I am trying to learn GR. In two of the books on tensors, there is an example of evaluating the inertia tensor in a primed coordinate system (for example, a rotated one) from that in an unprimed coordinate system using the eqn. ##I’ = R I R^{-1}## where R is the transformation matrix and ##R^{-1}## is its inverse, and ##I## is the inertia matrix.(adsbygoogle = window.adsbygoogle || []).push({});

Is this method of transformation of (inertia) tensor from one coordinate system to another applicable for all tensors? In particular, can I use this method to evaluate the metric tensor in the primed coordinate system, given the metric tensor in the unprimed system and the transformation matrix?

Assuming it is applicable, I attempted to evaluate the metric tensor in Cartesian coordinate system, from the 2D polar system (using ##g’(Cart) = T g(polar) T^{-1}##, where ##T## is the transformation matrix from polar to Cartesian), and was expecting an identity matrix with diagonal elements 1 and all others 0.

I am evaluating the metric tensor as follows:

\begin{equation}

g'(Cart) =

\begin{bmatrix}

cos\theta & -r\ sin\theta\\

sin\theta & r\ cos\theta \end{bmatrix} \times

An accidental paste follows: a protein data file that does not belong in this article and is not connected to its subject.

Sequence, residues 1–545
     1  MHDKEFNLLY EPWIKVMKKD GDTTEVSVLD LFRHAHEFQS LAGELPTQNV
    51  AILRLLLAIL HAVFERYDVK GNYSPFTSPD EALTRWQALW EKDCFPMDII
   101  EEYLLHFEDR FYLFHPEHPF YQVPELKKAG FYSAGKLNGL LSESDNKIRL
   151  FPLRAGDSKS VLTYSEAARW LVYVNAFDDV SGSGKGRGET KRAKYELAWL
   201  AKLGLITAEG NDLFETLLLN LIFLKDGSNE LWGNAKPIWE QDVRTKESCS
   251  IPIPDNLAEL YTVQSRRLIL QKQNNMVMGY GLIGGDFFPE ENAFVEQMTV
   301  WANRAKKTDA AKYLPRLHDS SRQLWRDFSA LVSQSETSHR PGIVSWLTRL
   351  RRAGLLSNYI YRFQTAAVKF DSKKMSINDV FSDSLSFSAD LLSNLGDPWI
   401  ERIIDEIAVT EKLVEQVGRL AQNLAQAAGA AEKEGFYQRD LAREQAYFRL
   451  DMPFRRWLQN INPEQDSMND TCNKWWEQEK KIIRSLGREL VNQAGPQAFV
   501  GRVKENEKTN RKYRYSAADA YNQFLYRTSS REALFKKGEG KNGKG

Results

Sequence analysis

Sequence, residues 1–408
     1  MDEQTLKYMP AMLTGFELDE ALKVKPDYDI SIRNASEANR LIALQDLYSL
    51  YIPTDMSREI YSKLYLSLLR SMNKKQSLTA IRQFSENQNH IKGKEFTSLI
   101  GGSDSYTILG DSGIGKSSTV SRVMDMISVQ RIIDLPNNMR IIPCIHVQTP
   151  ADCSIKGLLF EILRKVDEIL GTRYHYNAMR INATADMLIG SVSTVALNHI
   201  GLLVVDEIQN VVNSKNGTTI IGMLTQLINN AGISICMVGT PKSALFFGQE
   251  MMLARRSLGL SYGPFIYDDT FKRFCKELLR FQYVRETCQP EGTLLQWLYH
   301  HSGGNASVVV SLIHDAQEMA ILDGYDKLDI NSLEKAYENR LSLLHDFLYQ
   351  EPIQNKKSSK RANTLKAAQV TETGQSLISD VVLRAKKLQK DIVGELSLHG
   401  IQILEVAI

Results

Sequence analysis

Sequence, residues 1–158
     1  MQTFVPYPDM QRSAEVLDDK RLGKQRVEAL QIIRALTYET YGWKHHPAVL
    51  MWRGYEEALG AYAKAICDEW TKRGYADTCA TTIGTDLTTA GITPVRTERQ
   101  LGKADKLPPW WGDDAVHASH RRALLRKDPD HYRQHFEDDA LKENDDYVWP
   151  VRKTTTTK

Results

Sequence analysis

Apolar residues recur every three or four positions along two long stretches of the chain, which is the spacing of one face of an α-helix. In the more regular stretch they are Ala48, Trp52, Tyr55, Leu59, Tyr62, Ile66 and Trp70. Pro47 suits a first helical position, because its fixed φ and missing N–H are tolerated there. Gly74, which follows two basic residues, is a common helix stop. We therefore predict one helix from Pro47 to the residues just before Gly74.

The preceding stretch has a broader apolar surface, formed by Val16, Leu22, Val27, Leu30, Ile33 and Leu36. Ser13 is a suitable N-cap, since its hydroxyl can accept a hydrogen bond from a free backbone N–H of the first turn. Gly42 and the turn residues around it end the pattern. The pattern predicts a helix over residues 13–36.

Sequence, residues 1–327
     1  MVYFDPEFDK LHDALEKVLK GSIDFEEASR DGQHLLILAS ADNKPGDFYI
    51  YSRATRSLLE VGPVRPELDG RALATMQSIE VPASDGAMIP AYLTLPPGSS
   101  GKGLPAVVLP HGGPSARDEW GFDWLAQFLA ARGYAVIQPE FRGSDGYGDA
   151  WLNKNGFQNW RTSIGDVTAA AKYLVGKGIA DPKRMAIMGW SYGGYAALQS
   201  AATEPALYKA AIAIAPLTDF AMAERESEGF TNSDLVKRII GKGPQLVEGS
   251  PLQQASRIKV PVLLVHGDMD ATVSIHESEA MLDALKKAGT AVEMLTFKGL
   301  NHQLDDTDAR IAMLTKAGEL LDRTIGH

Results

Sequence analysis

\begin{bmatrix}

1 & 0\\

0 & r^2 \end{bmatrix} \times

\begin{bmatrix}

cos\theta & sin\theta\\

-sin\theta \over r & cos\theta \over r\end{bmatrix}

\end{equation}

Instead of the identity matrix for the metric tensor in Cartesian coordinates, I ended up with:

\begin{bmatrix}cos^2\theta + r^2 sin^2\theta&cos\theta\ sin\theta - r^2 cos\theta\ sin\theta\\

cos\theta\ sin\theta - r^2 cos\theta\ sin\theta&sin^2\theta+r^2 cos^2\theta \end{bmatrix}

Almost there, but not quite; the ##r^2## is messing it up.

What am I missing? Since the Euclidean space is flat, the Cartesian coordinate system has an identity matrix as a metric tensor, right?

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# I Evaluating metric tensor in a primed coordinate system

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